Perusing progress

2016 reading challenge
2016 Reading Challenge posted by Goodwill Librarian on Facebook

Well, we’re way past the halfway mark of 2016, a year that so far has appeared more an annus horribilis than an annus mirabilis. But thank goodness we have the benefit of books and the leisure to peruse them: the consolation of reading helps mitigate some of the universal depression over world events that hangs over many of us like a pall of smoke.

This is a good point at which to pause and see how I’m getting on with my various Reading Wishlists. Hmm, not brilliantly. So far with re-reads I’ve only begun Joan Aiken’s Wolves Chronicles, though I’ve managed the odd other reread (three in fact, listed below). With my Reading New England challenge I’ve managed … one book. Where non-fiction and classics and standalone fiction are concerned I’m making a little more progress. And I’m steadily filling up my alphabetical list of authors whose last names begin with each of the letters of the alphabet.

I’ve only just come across Goodwill Librarian‘s 2016 Reading Challenge on Facebook. It’s nowhere near as long as the 50-odd challenges from last year that I attempted, but I reckon I’ve a good chance to cover this with what I’ve already read and what I hope to read in the coming months without making any extra effort. So I’m not, as far as I can see, making myself a rod for my own back; though looking at the actual options I suspect that they may be angled towards less voracious and less omnivorous readers.

Here, for what it’s worth, is my current 2016 tally (feel free to skip this list):

A Joan Aiken The Wolves of Willoughby Chase and Black Hearts in Battersea [Wolves Chronicles/rereads], Mortimer’s Tie [fiction]
B Charlotte Brontë The Professor [literary classic]
C Susanna Clarke Jonathan Strange and Mr Norrell [fantasy], The Ladies of Grace Adieu [fantasy]; Mark Cocker Crow Country [natural history]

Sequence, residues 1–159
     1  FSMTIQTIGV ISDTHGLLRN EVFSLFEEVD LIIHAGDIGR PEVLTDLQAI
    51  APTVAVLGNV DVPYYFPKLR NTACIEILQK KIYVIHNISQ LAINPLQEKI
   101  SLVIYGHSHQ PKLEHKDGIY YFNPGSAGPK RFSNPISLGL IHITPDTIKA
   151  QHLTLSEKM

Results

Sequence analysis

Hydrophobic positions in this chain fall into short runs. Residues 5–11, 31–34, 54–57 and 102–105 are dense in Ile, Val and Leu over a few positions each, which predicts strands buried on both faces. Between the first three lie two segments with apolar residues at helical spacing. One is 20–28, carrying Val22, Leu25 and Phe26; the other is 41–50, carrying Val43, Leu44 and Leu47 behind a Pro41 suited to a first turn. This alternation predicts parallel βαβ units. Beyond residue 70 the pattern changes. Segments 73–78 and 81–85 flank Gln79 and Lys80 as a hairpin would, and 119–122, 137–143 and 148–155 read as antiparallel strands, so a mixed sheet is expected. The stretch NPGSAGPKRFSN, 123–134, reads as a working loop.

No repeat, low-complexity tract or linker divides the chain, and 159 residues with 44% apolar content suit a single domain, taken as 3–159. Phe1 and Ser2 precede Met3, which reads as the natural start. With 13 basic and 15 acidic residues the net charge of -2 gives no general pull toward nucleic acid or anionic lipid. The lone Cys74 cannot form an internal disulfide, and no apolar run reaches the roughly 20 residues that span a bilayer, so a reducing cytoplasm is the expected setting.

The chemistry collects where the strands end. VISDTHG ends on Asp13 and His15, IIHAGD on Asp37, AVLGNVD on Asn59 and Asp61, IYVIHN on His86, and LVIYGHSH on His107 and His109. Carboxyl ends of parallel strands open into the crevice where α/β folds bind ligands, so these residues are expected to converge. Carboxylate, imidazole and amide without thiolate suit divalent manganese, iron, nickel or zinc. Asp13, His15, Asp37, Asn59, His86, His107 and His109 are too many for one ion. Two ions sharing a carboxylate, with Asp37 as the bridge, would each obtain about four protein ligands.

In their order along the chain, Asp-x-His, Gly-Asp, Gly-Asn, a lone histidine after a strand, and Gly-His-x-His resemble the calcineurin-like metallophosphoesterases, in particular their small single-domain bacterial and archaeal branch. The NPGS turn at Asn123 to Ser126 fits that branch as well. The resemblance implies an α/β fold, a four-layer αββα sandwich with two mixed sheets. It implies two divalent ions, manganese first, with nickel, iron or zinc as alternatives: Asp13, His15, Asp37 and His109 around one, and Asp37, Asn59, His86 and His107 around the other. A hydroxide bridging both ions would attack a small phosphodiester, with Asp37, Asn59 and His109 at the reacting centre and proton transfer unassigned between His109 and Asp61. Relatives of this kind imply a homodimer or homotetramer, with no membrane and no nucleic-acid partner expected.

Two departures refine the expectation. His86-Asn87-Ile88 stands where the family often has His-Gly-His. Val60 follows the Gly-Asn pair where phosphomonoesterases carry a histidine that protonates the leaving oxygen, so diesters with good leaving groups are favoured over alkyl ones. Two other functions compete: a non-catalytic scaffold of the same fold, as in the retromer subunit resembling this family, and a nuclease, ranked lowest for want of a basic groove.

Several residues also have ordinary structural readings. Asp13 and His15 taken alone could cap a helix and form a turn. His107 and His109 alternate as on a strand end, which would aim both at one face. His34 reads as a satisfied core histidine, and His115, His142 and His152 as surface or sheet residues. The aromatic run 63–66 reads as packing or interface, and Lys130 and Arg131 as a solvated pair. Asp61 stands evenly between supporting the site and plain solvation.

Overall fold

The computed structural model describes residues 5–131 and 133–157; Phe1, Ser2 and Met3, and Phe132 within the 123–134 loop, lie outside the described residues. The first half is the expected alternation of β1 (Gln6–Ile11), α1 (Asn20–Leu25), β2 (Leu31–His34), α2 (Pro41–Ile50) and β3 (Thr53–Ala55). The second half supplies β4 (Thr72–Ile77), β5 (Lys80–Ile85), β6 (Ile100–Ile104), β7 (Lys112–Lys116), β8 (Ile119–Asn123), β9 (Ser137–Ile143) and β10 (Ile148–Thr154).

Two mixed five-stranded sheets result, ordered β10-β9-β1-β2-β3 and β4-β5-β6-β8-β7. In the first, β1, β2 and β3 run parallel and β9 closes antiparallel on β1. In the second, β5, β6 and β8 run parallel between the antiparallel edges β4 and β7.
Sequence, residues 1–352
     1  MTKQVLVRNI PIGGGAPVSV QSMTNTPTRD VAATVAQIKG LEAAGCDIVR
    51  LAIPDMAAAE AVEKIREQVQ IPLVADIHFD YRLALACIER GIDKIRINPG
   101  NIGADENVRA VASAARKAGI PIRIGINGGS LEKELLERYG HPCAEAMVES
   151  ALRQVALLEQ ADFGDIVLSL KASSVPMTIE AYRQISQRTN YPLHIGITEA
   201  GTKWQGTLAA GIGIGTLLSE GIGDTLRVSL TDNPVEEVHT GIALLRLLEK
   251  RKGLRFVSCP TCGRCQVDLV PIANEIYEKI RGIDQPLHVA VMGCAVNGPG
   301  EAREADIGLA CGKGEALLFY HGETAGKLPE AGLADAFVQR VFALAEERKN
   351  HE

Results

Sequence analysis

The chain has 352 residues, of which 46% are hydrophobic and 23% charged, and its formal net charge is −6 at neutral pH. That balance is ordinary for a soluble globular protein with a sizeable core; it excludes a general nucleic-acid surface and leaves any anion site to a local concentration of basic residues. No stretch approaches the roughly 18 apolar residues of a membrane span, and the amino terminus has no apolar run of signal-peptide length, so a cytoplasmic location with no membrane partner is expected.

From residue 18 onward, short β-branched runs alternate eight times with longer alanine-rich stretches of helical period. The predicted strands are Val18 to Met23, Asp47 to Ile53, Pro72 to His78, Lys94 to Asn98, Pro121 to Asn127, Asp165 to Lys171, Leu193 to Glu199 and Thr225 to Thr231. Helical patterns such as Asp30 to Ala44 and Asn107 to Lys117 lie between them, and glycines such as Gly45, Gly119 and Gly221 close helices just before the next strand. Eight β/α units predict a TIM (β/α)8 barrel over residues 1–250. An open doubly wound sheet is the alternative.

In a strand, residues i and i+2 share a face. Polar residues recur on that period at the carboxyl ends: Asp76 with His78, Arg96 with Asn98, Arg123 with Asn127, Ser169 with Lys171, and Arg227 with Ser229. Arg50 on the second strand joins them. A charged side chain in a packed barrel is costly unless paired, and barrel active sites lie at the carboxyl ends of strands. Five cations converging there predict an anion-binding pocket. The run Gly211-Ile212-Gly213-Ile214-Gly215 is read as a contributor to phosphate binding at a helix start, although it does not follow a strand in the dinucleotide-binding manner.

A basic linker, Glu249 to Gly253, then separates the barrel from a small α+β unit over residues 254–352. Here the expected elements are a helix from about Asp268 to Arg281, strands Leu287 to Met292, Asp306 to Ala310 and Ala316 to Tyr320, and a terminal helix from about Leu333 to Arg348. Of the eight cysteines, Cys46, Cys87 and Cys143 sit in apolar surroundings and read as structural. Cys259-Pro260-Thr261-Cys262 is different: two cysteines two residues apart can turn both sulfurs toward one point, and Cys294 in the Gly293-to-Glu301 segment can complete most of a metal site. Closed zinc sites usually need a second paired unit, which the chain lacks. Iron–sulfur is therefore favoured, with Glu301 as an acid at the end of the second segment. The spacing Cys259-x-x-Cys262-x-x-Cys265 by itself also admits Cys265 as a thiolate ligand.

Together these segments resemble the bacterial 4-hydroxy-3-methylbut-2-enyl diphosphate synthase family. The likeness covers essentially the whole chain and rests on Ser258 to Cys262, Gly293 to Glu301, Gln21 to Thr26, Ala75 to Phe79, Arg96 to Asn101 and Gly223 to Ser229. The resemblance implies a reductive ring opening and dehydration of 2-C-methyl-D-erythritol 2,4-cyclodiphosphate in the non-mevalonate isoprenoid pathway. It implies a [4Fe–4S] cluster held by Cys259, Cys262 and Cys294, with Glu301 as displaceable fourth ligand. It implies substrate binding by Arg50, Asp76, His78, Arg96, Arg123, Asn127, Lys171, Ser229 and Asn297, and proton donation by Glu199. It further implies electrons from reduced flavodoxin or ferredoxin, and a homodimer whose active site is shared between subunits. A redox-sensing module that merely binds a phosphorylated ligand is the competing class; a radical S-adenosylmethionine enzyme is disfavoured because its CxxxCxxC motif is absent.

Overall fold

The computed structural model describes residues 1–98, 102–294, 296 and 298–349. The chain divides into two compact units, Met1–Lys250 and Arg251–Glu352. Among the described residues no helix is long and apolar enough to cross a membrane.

D Roald Dahl Boy: Tales of Childhood [non-fiction/autobiography]; Peter Dickinson The Ropemaker [epic fantasy]; Sophie Divry The Library of Unrequited Love [literary]
H Rachel Hartman Seraphina [fantasy]; Patricia Highsmith The Two Faces of January [crime fiction]; Penelope Hughes-Hallett ‘My Dear Cassandra’: Illustrated Letters of Jane Austen [correspondence]; Sarah Hendrickx Women and Girls with Autism Spectrum Disorder [non-fiction]
J Diana Wynne Jones The Merlin Conspiracy [fantasy/reread]
K John Keay The Great Arc [non-fiction]
L David Lodge The Art of Fiction [non-fiction]; Charlie Lovett First Impressions [cozy mystery]; Doris Lessing The Fifth Child [literary horror]
M China Miéville Railsea [fantasy]
N A D Nuttall Shakespeare: The Winter’s Tale [literary criticism/reread]
P Terry Pratchett Equal Rites [fantasy]; Alan Powers Living with Books [non-fiction]
R Kathryn L Ramage ‘The Abrupt Disappearance of Cousin Wilfrid’ [cozy mystery]
S Anne Spillard The Cartomancer [fiction/reread]
W Jo Walton Among Others [fantasy]; John Wyndham Plan for Chaos
Z Gabrielle Zevin The Storied Life of A.J. Fikry [fiction: Reading New England Challenge]